- Recent research done by Everytown for Gun Safety has found that of the mass shootings in the United States between 2009 and 2015, 57 percent included victims who were a family member, spouse, or former spouse of the shooter. Sixteen percent of attackers had been previously charged with domestic violence. A recent piece in the New York Times suggested that the impulse toward domestic, gendered violence may be the thing that draws a few terrorists toward the Islamic State, since ISIS’s practices include sexual slavery and a fidelity to traditional gender norms as recruiting tools for young men.
But that doesn’t make any religion — whether it’s Mohamed Lahouaiej Bouhlel’s Islam or Robert Lewis Dear’s evangelical Christianity — the defining factor in mass shootings. Perhaps these disturbed men — and 98 percent of mass killers are men — are drawn to the patriarchal traditions upheld by some religions to make sense of or justify their anger and resentment toward women. But we might do better to examine the patterns of violence toward women themselves.
- Our father, Eugene Stoner, designed the AR-15 and subsequent M-16 as a military weapon to give our soldiers an advantage over the AK-47. He died long before any mass shootings occurred. But, we do think he would have been horrified and sickened as anyone, if not more by these events.
- The family of Eugene Stoner, speaking under condition of individual anonymity to NBC News on June 16, 2016, after the June 12, 2016 Orlando nightclub shooting (Dokoupil, Tony (June 16, 2016). "Family of AR-15 Inventor Eugene Stoner: He Didn't Intend It for Civilians". NBC News. Retrieved on August 25, 2018. ; Frizell, Sam (June 16, 2016). "AR-15 Inventor's Family: This Was Meant to Be a Military Weapon". Time. Retrieved on September 23, 2018. ).
- What do James Holmes, Adam Lanza, and Omar Mateen have in common? Besides being the perpetrators of three of the deadliest mass shootings in U.S. history, they all share a preference for the AR-15 assault rifle. The AR-15 assault rifle was used at the Aurora, Colo. shooting, the Newtown, Conn. shooting, and now the mass shooting in Orlando, Fla. that killed 50 and is officially the deadliest such massacre in U.S. history...While Colt alone makes the official AR-15, variants and knock-offs are made by a huge number of gun manufactures, including Bushmaster, Les Baer, Remington, Smith & Wesson (swhc, +0.00%), and Sturm & Ruger (rgr, -2.04%), just to name a few. TacticalRetailer claims that from 2000 to 2015 the AR manufacturing sector expanded from 29 AR makers to about 500, “a stunning 1,700% increase.”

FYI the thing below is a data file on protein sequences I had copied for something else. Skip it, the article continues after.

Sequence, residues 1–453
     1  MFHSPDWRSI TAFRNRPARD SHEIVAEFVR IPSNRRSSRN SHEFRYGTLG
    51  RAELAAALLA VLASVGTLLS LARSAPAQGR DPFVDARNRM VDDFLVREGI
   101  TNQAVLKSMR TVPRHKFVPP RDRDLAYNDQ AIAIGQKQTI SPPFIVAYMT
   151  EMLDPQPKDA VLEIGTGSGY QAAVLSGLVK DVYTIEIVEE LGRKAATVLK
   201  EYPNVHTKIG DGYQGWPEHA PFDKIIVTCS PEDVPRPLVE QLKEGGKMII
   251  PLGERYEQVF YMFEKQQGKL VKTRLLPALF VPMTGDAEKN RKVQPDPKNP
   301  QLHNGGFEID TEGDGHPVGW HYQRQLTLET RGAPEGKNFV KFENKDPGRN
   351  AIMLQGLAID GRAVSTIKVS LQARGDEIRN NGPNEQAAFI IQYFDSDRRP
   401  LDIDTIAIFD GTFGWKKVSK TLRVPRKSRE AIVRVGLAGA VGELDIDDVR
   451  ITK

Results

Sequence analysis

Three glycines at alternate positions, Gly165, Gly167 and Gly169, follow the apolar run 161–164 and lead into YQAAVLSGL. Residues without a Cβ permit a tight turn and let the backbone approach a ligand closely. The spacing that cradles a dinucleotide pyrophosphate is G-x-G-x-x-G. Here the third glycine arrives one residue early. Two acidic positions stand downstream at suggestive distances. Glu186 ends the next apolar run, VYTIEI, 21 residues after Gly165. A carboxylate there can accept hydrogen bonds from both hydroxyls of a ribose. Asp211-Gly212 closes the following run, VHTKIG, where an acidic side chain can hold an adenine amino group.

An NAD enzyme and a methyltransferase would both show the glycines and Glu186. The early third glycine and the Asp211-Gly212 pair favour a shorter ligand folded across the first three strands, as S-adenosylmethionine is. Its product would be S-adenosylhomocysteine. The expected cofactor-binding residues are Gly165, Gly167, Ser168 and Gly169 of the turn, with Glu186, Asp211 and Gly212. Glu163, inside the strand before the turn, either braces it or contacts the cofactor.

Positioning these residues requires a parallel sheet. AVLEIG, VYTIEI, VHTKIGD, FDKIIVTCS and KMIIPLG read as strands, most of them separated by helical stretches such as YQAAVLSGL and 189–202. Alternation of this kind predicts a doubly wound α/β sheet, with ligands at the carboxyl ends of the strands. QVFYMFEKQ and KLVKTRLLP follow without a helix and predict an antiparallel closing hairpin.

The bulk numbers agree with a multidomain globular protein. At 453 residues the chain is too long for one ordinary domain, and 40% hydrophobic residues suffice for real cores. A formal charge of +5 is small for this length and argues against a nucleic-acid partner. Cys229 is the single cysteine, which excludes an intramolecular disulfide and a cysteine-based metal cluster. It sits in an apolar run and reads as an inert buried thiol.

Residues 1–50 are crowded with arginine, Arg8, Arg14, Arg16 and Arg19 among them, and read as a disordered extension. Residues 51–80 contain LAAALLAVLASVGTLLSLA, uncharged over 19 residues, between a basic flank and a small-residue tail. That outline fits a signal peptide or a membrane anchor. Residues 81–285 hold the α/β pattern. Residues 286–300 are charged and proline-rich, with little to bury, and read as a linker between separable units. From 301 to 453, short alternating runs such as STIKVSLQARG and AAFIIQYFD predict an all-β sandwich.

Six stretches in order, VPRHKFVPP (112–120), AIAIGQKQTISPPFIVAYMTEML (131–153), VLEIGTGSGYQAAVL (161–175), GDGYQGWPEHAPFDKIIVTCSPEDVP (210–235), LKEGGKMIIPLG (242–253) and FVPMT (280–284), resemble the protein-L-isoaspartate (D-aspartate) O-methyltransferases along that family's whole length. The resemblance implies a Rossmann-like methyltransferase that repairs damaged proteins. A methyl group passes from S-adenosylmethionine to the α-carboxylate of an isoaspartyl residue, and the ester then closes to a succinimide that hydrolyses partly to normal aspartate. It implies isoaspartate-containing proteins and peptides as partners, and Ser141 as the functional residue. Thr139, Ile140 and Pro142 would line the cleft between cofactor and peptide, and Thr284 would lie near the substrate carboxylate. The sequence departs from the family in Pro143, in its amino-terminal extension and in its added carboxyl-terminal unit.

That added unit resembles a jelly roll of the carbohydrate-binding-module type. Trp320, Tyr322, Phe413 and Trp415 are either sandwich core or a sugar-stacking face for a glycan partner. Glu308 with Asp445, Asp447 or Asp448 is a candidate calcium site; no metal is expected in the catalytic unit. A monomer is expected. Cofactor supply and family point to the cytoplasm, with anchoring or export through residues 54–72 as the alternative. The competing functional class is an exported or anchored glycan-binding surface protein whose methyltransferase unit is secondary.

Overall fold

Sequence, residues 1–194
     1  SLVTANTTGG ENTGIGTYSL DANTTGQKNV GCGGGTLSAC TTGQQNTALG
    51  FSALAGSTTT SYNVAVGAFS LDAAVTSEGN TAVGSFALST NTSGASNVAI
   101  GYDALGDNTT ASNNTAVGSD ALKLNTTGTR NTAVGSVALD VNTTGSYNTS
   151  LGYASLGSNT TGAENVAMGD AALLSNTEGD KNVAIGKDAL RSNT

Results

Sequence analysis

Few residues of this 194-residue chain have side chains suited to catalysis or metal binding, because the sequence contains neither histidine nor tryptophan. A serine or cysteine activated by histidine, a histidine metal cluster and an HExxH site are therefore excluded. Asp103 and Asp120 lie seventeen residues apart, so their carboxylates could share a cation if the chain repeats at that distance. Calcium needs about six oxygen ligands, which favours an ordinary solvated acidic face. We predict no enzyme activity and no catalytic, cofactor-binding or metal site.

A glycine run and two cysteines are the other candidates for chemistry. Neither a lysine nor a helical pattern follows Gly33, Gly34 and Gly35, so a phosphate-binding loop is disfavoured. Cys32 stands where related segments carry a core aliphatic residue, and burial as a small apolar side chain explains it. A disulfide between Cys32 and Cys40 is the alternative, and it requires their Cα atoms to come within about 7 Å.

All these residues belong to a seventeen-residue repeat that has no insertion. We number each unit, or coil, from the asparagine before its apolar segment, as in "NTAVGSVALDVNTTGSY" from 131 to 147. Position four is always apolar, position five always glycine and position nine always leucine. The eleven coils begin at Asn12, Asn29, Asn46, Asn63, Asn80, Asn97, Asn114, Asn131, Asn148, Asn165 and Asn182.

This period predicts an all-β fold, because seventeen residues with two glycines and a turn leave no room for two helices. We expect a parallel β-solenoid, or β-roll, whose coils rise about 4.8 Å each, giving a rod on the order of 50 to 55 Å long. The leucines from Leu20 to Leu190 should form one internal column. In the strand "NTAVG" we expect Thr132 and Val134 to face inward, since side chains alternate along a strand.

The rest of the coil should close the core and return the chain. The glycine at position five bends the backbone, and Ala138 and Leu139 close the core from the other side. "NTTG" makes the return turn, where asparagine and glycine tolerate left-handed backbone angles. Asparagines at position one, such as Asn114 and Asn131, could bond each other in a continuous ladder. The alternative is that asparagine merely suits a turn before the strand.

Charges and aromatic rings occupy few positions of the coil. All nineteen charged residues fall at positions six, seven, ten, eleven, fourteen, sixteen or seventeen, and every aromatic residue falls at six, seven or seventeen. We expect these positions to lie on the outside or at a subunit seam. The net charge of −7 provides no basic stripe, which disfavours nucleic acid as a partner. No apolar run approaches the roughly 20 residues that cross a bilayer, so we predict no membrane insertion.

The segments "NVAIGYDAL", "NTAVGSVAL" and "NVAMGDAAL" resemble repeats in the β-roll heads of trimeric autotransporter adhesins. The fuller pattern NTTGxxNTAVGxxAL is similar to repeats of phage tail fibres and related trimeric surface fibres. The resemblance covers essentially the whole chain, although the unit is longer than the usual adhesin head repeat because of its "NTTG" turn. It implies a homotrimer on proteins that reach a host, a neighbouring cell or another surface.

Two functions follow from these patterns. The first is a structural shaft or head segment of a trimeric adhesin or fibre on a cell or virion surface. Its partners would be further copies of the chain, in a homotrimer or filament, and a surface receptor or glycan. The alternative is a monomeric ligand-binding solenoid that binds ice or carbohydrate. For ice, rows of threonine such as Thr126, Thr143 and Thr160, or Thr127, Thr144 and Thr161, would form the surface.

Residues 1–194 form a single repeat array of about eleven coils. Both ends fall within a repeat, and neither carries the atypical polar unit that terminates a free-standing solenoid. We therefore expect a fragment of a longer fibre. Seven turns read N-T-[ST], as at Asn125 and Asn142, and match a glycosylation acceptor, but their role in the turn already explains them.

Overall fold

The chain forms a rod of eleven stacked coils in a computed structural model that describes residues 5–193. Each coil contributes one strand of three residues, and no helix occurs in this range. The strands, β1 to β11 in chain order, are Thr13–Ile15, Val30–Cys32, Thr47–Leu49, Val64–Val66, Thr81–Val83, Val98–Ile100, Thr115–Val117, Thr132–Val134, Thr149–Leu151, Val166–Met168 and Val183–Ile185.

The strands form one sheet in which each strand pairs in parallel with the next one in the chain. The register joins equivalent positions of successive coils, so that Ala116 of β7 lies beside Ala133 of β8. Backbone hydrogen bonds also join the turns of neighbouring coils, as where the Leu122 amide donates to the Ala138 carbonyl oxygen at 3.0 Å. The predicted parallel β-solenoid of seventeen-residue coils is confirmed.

- O’Dea, Meghan (June 13, 2016). "What Makes the AR-15 So Appealing to Mass Shooters?". Fortune. Retrieved on October 19, 2018.
- So why is the AR-15 so appealing to mass shooters?
To answer that question, it’s best to look at why the AR-15 is so popular in general...
Essentially, the AR-15 is a versatile civilian-grade firearm that boasts ease of use, sheer firepower, and a certain cultural and aesthetic cache...
Relatively inexpensive, readily available, highly customizable, and easily modified (whether legally or into a fully automatic weapon), the reasons for the AR-15’s popularity are apparent.
- O’Dea, Meghan (June 13, 2016). "What Makes the AR-15 So Appealing to Mass Shooters?". Fortune. Retrieved on October 19, 2018.
- On July 20, 2012, a mass murderer killed 12 and wounded 58 others at a movie theater in Aurora, Colo., using a Smith & Wesson M&P15. On Dec. 12, 2012, another mass murderer killed 20 children and six adults at Sandy Hook Elementary in Newtown, Conn., using his mother's Bushmaster XM15-E2S. The letter and number suffixes belie a simple truth -- the guts of both guns look just like an M-16 or, as it is known for civilian use, an AR-15. OK, the M-16 can fire in fully automatic mode but otherwise, the same.
In Orlando just this month, it was a similar type of semiautomatic assault weapon, a Sig Sauer MCX, that helped claim 49 lives.